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dc.contributor.authorRowe, Victoriaen_US
dc.description.abstractThis article is an overview study of the international humanitarian response to the refugee crisis between 1915 and 1930 when Syria, and particularly the city of Aleppo, became home to tens of thousands of Armenian refugee survivors forcibly deported during the genocidal program implemented and carried out against the Ottoman Armenians by the Committee of Union and Progress (CUP) government in Constantinople. The objective of this article is threefold: the first is to determine the policies of the various governments of Syria between 1915 and 1930 towards the Armenian refugee population; the second is to examine the humanitarian efforts of international bodies, such as the League of Nations, the International Red Cross and the Near East Relief Society, to provide assistance to refugees; and the third is to identify the strategies refugees employed to ensure survival and to try to rebuild familial and communal ties. In order to assess the policies and practices of governments and international bodies as well as the survival strategies devised by refugees the article examines the flow of refugees into Syrian territory, the types of humanitarian aid available, and the political and economic conditions within Syria which were significant factors in policy-making and in providing the context in which refugees shaped their lives. Reports by officials from foreign governments and eyewitnesses working and living in Aleppo, published accounts by humanitarian workers, the records and reports on the relief activities sponsored by the League of Nations as well as refugee testimony provide invaluable information on one of the first international humanitarian efforts to address an early twentieth-century refugee crisis and constitute the basis of this article. Peter Balakian (2003) has written on the mobilization of American aid to assist Armenian refugees, while this article, although it does discuss the activities of the American Near East Relief Society, concentrates on European efforts and the involvement of the League of Nations to respond to the Armenian refugee crisis following World War I. In their seminal work, Survivors: an oral history of the Armenian Genocide, Donald E. Miller and Lorna Touryan Miller (1993) have pioneered the study of oral accounts of survivors of the Armenian Genocide, and this article has also drawn upon their example, not to discuss the circumstances of the Armenian Genocide, but in order to read survivor testimony as a valuable source for uncovering the narratives of genocide survivors as refugees. Although not all genocide survivor accounts include information on the survivor's experience of being a refugee, many do and it is these accounts that I have used in order to bring out the story of the lived experience of refugees. Refugee accounts add to the official documents written by policy-makers and officials as they tell us what it felt like for an Armenian to live in Aleppo in 1918 and what refugees did in order to survive in that city. Current policies by a body such as the Office of the United Nations High Commissioner on Refugees emphasize refugee input into their own communal reconstruction and this emphasis on refugee experience and agency has also influenced the focus and questions asked in this article (Sørensen 1998:v-ix).en_US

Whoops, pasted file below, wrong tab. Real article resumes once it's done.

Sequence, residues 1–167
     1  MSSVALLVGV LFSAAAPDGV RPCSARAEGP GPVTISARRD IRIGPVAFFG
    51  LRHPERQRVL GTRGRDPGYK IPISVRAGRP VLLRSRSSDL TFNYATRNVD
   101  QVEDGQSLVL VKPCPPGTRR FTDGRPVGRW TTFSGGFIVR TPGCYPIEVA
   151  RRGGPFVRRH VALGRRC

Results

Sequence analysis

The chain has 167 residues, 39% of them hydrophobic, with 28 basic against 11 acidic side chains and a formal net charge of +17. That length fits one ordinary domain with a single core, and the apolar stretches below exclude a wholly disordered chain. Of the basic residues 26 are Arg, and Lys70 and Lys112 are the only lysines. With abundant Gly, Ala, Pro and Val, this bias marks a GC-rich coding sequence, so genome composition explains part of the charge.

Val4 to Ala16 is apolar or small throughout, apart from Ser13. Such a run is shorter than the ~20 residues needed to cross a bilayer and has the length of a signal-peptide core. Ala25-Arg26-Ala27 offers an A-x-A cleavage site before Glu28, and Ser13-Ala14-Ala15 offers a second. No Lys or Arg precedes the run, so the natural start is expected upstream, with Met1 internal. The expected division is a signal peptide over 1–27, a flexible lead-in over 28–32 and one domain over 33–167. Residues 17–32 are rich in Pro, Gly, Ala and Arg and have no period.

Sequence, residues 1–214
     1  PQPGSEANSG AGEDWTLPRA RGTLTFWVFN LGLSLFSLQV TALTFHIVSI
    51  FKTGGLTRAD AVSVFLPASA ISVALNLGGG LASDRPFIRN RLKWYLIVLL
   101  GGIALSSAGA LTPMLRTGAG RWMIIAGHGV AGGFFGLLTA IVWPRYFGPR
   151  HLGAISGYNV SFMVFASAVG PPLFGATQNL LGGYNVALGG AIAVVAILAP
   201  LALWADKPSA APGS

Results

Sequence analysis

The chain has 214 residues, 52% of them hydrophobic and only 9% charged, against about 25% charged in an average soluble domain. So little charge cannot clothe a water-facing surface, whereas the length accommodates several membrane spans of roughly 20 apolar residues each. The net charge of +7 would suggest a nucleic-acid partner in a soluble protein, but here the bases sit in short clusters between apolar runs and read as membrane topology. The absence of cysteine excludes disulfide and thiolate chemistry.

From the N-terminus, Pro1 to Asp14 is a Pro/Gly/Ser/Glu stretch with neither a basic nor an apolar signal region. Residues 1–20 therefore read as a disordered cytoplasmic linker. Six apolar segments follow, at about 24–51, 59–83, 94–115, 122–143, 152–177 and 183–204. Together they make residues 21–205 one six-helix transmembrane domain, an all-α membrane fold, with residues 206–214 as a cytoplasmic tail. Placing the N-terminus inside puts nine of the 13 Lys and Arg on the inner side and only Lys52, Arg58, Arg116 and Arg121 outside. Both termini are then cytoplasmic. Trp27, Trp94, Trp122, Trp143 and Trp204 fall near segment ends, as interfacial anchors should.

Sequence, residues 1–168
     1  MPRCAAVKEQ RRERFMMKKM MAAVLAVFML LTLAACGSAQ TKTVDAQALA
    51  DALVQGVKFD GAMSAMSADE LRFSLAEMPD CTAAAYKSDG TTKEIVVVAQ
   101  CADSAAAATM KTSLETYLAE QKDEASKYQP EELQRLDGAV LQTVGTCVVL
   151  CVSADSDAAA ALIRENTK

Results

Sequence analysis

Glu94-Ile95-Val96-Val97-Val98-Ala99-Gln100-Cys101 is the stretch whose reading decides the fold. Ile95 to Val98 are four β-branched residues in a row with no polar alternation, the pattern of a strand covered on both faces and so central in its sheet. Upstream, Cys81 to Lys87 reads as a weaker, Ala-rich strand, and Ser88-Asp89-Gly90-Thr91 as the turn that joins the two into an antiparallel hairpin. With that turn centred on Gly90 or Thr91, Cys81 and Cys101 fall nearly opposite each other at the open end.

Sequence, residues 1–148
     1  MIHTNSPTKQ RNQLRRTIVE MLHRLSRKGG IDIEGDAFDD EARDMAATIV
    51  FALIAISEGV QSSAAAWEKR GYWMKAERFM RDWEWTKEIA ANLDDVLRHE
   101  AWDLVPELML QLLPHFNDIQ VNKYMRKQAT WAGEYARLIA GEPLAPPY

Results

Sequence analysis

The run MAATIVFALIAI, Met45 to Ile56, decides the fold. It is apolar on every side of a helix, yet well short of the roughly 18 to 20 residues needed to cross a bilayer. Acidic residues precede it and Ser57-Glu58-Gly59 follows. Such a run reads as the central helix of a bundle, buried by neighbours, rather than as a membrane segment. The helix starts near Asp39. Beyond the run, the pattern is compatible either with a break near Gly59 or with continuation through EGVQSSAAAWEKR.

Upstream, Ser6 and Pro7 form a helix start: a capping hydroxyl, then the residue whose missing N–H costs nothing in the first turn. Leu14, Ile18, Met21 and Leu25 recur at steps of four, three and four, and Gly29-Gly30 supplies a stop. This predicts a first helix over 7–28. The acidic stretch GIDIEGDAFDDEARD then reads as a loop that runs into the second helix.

dc.publisherUniversity of Balamanden_US
dc.subjectArmenian Refugeesen_US
dc.subjectAleppo- Syriaen_US
dc.titleArmenian Refugees in Aleppo: Humanitarian Efforts and Survival Strategies: 1915-1930en_US
dc.title.alternativeاللاجئون الأرمن في حلب: المساعدات الإنسانية واستراتيجية لابقاء على الحياة 1915-1930en_US
dc.title.alternativeLes réfugiés arméniens à Alep : les efforts humanitaires et les stratégies de survie entre les années 1915 et 1930en_US
dc.typeJournal Articleen_US
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